What Everyone Should Know About Shoulder Rehab

More from my conversation with Tiffaney Marlow. She was able to help one of my friends who had significant shoulder instability. My friend, a former competitive volley ball player, had been sidelined from the game for years because of shoulder pain. Tiffaney built a program to get her back into playing, pain-free. What a gift!

So, I wanted to pick her brain about what everyone should know about caring for their shoulders.


  1. You have pain that’s not just residual muscle soreness from working out – either sharp pain or dull aching pain that persists.
  2. You have clicking or locking in the shoulder.
  3. You have apprehension when your shoulder is in certain positions, i.e. you think your shoulder might pop out or it feels very unstable/sketchy, and you want to get out of that position as quickly as possible.



Tiffaney and I agree, this is a great idea!

It’s probably worth getting evaluated if you notice one or more of these red flags. 

  1. Hiking the shoulders (i.e. shoulders move up toward ears) in chin-ups, pressing and rowing movements. This demonstrates a dysfunctional movement pattern that represents imbalance in the muscles around the shoulder. Click here for an example (I usually recommend several additional correct drills for this problem. Depending on the client this can be easy to fix or very complex).
  2. Winging shoulder blades during pressing, push-ups or plank variations. What is winging? It's when the inside and/or lower boarder of shoulder blade moves away from the rib cage. Click here for an example of prominent winging on this person's left side. As with hiking of the shoulders, this demonstrates instability around the joint. The muscles around the shoulder are not in balance if this is happening.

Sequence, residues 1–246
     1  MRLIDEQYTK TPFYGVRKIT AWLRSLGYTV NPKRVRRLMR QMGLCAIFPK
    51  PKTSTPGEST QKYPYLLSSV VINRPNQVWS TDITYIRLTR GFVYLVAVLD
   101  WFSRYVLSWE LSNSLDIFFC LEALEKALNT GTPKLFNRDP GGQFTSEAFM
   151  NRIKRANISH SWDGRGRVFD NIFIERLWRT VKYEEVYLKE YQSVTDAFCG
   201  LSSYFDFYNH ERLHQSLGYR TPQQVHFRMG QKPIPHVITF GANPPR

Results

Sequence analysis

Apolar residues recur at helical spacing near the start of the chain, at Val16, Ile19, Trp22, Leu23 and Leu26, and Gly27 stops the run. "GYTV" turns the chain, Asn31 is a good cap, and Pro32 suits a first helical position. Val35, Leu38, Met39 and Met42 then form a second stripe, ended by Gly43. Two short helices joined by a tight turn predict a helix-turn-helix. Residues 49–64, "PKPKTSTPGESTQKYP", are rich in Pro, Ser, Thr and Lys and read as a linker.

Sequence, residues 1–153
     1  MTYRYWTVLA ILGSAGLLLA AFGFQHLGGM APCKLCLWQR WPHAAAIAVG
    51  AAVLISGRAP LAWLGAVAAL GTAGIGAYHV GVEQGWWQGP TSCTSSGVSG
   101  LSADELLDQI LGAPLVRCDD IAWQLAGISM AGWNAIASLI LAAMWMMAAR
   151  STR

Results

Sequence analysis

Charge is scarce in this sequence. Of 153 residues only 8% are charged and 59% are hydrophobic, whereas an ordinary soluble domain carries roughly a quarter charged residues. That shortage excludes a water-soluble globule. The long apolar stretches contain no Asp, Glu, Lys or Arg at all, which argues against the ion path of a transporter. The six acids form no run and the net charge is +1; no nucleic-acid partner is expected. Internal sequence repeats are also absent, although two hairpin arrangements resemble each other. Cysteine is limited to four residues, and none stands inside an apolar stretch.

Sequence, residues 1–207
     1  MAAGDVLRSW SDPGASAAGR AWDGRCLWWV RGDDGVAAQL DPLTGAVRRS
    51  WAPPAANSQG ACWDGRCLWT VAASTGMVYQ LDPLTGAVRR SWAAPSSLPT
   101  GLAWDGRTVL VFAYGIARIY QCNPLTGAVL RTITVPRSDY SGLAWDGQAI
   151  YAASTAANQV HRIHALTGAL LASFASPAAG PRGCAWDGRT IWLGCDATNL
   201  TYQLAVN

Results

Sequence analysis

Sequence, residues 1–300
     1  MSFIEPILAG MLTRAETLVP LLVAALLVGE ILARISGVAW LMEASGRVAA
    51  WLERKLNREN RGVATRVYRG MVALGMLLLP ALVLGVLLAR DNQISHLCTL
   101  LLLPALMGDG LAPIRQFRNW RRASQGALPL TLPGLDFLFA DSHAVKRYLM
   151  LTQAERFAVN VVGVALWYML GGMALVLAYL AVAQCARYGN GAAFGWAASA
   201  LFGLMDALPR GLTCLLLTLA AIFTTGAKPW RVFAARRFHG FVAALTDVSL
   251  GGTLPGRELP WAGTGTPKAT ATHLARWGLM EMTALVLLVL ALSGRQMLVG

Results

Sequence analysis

3. Significant strength imbalance side to side (i.e. you can dumbbell shoulder press 40lbs for 6 reps on one side, but can only do 30lbs for 6 reps on the other side). That's a 25% difference! For most people, I personally (Peter) don't like to see strength imbalances of more than about 5% side to side.
  4. You have trouble performing certain upper body exercises with correct technique for no apparent reason.


These red-flags represent structural imbalances that are likely to lead to injury long-term as well as limit performance if you’re thinking of ramping up your training or sport activity.

When it comes to being proactive, Tiffany believes that trainers have a huge role to play in preventing injuries from occurring.

If you’re working with a trainer who is monitoring your technique, they’ll often be the notice one of these red flags.

This is why we perform an assessment screen with every single person who comes through our door at Quantum CrossFit. If you've never been assessed, contact us to set one up FOR FREE (we include this during a free trail session that everyone is entitled to). Functional exercises, when performed well, are potent at building incredible real-world fitness. When done incorrectly, they can set you up for problems down the road.



Tiffaney's advice is: “don’t wait… if you start feeling pain. We love to push through the pain, but if you start to feel something, get it checked out. Worst case, you get some reassurance that everything is OK or leave with a simple solution.”

If, on the other hand, you keep training on a faulty foundation and you really blow something out, then a small problem can turn into a big, long-term program that won't be very fun to deal with. 

PerformancePeter Roberts